Sunday, September 13, 2009

iPhone Users Doing Mobile Banking

Posted by Mark Brousseau

Mobile banking is quickly moving from a “techie” to mainstream capability that is changing how consumers manage their finances today, which in turn will change how consumers pay for goods in the future. That's according to a new report from Javelin Strategy & Research (

“Mobile banking is quickly moving from infancy to commonplace, which will help separate the winners from losers in banks’ ability to attract and keep technology-loving consumers,” said Mary Monahan, Research Director and Managing Partner. “Consumers are hungry for the ‘always-on’ and ‘real time’ ability to monitor and manage their money, and mobile banking serves that need better than any other.”

Among the findings of the report:

... Nearly half of mobile-phone owners currently have access to mobile banking today.
... By 2014, 45% of mobile-phone users will actually use mobile banking.
99 million U.S. adults will conduct mobile banking transactions at least once per year by 2014 – with 52% of mobile-phone users relying on smartphones.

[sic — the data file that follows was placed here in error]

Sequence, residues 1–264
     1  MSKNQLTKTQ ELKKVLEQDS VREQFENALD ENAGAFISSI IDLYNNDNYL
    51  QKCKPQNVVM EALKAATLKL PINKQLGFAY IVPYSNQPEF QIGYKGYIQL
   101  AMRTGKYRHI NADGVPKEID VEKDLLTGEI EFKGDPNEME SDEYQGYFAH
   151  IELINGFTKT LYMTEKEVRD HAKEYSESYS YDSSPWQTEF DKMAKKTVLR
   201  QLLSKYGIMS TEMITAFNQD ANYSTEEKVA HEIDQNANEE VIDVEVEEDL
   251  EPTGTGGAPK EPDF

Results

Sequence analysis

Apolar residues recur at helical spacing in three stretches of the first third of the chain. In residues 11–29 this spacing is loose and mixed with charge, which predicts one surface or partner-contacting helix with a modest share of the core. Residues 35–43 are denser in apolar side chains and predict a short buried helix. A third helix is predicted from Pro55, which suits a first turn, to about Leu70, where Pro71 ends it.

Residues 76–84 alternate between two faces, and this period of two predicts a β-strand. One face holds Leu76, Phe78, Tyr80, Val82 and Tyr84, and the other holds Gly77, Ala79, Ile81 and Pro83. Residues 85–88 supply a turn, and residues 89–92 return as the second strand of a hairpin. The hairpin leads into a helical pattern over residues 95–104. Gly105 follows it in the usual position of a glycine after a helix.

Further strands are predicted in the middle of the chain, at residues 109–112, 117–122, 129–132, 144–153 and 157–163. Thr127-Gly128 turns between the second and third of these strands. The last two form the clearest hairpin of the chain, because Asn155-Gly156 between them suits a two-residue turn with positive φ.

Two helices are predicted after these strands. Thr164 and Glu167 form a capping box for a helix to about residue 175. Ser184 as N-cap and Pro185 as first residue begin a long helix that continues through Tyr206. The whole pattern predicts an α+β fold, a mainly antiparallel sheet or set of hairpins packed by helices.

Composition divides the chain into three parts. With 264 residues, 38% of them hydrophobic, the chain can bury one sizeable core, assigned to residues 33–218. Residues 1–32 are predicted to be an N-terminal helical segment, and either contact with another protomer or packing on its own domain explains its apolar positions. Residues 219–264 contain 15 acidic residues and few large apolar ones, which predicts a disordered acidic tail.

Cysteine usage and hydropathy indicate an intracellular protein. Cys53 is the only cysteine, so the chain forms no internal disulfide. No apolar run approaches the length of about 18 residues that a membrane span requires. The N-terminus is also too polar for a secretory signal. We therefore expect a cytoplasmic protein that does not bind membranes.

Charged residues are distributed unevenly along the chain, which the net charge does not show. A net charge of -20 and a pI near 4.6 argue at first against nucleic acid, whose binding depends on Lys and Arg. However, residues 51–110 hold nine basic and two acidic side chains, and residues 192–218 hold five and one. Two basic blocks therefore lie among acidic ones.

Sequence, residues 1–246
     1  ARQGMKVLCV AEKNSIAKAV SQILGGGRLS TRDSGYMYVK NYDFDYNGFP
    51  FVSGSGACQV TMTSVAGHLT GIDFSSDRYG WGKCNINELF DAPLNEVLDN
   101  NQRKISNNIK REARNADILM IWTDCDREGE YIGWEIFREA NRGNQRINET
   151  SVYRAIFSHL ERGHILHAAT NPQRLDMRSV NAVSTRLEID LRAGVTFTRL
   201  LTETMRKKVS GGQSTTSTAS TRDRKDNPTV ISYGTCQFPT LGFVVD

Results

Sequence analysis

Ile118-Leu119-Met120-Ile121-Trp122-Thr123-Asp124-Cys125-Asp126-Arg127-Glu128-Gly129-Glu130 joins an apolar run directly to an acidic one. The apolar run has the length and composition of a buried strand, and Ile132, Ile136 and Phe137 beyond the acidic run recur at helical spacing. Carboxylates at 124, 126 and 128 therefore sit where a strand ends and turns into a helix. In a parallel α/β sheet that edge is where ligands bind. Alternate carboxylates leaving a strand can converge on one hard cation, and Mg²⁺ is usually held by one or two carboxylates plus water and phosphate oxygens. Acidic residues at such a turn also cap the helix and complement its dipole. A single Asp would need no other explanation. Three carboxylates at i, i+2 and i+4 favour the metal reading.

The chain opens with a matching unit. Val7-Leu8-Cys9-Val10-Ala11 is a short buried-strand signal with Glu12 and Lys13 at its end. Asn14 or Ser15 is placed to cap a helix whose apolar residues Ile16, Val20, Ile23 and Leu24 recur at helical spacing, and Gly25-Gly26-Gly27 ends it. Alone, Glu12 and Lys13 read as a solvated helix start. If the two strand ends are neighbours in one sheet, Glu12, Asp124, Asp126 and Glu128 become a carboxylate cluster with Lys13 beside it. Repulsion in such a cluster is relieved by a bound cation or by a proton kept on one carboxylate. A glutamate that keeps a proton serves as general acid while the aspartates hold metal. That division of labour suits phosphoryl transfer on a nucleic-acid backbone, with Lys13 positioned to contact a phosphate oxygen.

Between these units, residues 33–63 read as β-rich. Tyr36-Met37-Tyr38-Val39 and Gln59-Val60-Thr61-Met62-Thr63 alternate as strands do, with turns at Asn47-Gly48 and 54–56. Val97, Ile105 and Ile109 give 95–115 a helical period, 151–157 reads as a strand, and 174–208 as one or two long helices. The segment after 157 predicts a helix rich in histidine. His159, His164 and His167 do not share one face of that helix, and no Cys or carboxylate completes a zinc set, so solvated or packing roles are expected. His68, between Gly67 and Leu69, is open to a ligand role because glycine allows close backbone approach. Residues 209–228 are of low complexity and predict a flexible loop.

... Mobile banking will rival online banking, with the former used as a “remote control” and the latter as a detailed form of control panel for more complex transactions.
... AT&T has the highest number of mobile bankers due to the iPhone’s influence, while Verizon Wireless has the lowest penetration for mobile bankers among the top tier U.S. wireless carriers.

“Mobile banking is quickly becoming an essential consumer capability,” said Mark Schwanhausser, Financial Services Channels Analyst. “Just as the iPod changed the music industry and their business models, our data shows that iPhone users are changing the banking industry by leading the way in monitoring and managing finances through mobile devices.”

What do you think? Post your comment below.

1 comment:

Chris Kocher said...

Interesting forecasts. I'm concerned by the fact that "99 million US Adults will conduct mobile banking transactions at least once per year by 2014." There may be a lot of people that use it once and then never retry. I would not consider that adoption.

The other issue is how do we get the much larger audience of mobile phone users that do not have smart phones to start using mobile banking. That is where there are some huge opportunities.

Chris Kocher